Avaya emerges from Chapter 11 after restructuring

February 2018  |  DEALFRONT  |  BANKRUPTCY & CORPORATE RESTRUCTURING

Financier Worldwide Magazine

February 2018 Issue


Less than 12 months after filing for Chapter 11 bankruptcy protection, networking and communications vendor Avaya announced that it has completed its debt restructuring and emerged from bankruptcy with a new board and leadership team in place.

Jim Chirico, the company’s former chief operating officer, has replaced Kevin Kennedy as chief executive and president following Mr Kennedy’s retirement in October.

In November, Judge Stuart Bernstein of the US Bankruptcy Court in New York said that he was satisfied with Avaya’s exit plan, which marked a third attempt by the company to exit restructuring. Following the judge’s approval, Avaya finally exited Chapter 11 in mid-December.

“This is the beginning of an important new chapter for Avaya,” said Mr Chirico. “In less than a year since the commencement of our chapter 11 restructuring, Avaya has emerged as a publicly traded company with a significantly strengthened balance sheet. Overall, we reduced our prior debt load by approximately $3bn, and we exit today with more than $300m in cash on our balance sheet. The reduction of our debt and certain other long-term obligations will also improve annual cash flow by approximately $300m compared to fiscal 2016.”

Avaya filed to restructure under Chapter 11 bankruptcy protection back in January 2017, saying at the time that the $725m in debtor-in-possession financing it secured from Citibank would be enough to minimise disruption and continue business operations moving forward. The company’s restructuring efforts were required to reduce its $6.3bn debt load. Avaya had been weighed down with debt stemming from an $8.2bn buyout in 2007 by private equity firms Silver Lake Partners LP and TPG Capital LP. In order to reduce its debt load prior to the filing, Avaya had hoped to divest its call centre business for around $4bn but was unable to secure a deal.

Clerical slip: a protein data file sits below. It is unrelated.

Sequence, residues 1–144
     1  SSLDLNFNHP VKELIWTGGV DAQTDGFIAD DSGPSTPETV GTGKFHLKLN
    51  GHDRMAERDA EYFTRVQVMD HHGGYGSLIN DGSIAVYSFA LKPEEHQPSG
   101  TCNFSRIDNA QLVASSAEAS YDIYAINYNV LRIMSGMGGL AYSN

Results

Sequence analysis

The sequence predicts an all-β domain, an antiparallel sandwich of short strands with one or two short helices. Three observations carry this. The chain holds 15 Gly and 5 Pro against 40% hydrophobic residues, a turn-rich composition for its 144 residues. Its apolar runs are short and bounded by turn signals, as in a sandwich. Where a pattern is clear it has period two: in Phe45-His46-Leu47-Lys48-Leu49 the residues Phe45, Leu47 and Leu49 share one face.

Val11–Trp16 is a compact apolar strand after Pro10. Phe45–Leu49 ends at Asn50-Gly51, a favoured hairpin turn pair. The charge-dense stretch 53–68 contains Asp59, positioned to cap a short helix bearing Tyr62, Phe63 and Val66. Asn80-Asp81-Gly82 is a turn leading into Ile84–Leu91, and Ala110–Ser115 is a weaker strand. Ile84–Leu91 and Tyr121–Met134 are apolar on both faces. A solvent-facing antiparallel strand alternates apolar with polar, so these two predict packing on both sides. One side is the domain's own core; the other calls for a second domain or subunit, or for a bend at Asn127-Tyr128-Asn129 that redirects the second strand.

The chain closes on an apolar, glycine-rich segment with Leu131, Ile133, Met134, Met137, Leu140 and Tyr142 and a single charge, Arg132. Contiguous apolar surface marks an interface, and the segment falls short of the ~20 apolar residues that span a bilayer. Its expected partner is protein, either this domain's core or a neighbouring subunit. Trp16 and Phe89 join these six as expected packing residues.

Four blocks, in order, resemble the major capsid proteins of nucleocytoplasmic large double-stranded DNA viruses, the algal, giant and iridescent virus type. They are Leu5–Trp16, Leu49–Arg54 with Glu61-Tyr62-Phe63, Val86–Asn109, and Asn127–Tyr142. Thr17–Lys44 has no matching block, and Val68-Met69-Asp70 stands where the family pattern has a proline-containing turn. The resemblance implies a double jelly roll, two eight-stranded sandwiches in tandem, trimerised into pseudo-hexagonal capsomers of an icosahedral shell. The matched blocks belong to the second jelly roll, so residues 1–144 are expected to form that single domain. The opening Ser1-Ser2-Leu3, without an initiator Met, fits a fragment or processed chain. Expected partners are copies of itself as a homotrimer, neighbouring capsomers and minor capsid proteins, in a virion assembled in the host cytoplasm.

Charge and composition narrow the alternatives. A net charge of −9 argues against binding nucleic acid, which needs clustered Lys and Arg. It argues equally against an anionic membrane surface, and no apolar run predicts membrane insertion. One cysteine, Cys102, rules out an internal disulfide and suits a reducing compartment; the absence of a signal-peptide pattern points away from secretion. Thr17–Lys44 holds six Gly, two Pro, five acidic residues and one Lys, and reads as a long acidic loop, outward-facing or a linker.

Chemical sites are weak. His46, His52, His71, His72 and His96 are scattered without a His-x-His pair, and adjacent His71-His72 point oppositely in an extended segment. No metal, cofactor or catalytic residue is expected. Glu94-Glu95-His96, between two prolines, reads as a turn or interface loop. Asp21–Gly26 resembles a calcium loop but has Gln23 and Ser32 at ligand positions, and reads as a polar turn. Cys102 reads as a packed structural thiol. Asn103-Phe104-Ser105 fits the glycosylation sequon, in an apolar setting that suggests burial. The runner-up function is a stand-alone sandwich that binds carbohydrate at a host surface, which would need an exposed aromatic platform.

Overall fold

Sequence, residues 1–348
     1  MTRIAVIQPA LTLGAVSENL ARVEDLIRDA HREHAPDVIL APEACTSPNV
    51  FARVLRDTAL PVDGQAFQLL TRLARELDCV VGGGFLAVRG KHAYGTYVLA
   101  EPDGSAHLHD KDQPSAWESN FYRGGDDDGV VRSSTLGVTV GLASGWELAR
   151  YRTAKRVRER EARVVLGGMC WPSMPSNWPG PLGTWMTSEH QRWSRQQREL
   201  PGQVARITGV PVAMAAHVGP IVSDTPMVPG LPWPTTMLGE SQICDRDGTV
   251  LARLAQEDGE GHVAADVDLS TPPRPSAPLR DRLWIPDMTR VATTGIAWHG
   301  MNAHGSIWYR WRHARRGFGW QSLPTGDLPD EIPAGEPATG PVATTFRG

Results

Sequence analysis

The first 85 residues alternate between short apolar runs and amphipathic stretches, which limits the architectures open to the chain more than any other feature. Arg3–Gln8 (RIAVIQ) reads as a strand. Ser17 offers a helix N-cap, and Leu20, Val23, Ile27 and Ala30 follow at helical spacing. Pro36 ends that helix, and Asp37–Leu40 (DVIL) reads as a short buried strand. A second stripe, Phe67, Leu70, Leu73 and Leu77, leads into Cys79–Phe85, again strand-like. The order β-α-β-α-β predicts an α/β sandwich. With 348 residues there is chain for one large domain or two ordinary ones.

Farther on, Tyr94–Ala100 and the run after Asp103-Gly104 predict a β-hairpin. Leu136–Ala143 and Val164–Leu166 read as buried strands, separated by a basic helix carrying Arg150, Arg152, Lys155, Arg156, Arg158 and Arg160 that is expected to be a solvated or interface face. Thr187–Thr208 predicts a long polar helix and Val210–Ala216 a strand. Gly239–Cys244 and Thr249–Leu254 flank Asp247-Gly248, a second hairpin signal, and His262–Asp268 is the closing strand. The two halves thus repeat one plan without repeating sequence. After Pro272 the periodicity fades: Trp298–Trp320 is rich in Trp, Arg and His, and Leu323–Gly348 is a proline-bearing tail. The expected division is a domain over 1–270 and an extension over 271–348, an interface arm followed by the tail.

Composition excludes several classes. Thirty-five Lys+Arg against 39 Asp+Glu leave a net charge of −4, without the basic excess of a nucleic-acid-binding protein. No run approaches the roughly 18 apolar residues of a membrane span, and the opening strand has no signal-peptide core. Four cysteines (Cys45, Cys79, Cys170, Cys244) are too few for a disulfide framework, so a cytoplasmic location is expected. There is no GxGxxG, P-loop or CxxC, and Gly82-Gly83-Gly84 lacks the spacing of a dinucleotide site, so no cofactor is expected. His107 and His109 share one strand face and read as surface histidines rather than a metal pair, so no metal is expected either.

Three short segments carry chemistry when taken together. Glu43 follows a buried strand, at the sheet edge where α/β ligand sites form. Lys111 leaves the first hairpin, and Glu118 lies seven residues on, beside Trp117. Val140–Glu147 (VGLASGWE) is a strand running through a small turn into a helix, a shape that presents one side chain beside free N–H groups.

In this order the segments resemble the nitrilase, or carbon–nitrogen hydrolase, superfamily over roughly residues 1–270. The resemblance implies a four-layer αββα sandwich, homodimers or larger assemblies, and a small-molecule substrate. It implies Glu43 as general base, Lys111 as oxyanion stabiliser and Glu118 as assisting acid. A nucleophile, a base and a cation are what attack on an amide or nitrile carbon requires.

Avaya, which was spun out of Lucent Technologies in 2000, focuses on communication and messaging, video conferencing, call centre, networking, and software and services. The company expanded into networking in 2009 after it acquired Nortel Enterprise Solutions for $900m; however the company subsequently sold its networking business to Extreme Networks for $100m in July 2017. As a result of the sale, Avaya has refocused its attention on its contact centre business – the company also attempted to divest the contact centre business in 2017, however it was unable to complete a deal.

“We have the flexibility we need to invest in the large and growing contact centre and unified communications markets as we complete our transformation to a software, services and cloud solutions provider,” Mr Chirico added. “With a new board and leadership team firmly in place, Avaya is now well-positioned to execute on its growth plan and deliver the returns and value expected by our stakeholders.”

Business challenges stemming from the company’s bankruptcy were reflected in the fiscal third-quarter earnings report the vendor released this week. The report confirmed a 9 percent drop in revenue year over year. The decline lowered revenue to $803m and contributed to a net loss of $105m for the period ended 30 June 2017. The company said the revenue drop stemmed from lower demand for products and services primarily due to extended procurement cycles resulting from the Chapter 11 filing.

Following approval of the company’s exit plan, Avaya is now working to be listed on the New York Stock Exchange, and expects to have approximately 110 million shares outstanding upon emergence. The company’s growth strategy, post-exit, is already underway. Avaya generated positive EBITDA, including an estimated $225m to $230m for Q4 2017, it said in October. Avaya has also signed more than 4000 major customer contracts, recruited 1000 new partners and invested more than $225m in R&D since the bankruptcy filing. According to company estimates, Avaya now has more than 6300 partners and 130,000 customers across the small, mid-sized and enterprise business segments.

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BY

Richard Summerfield


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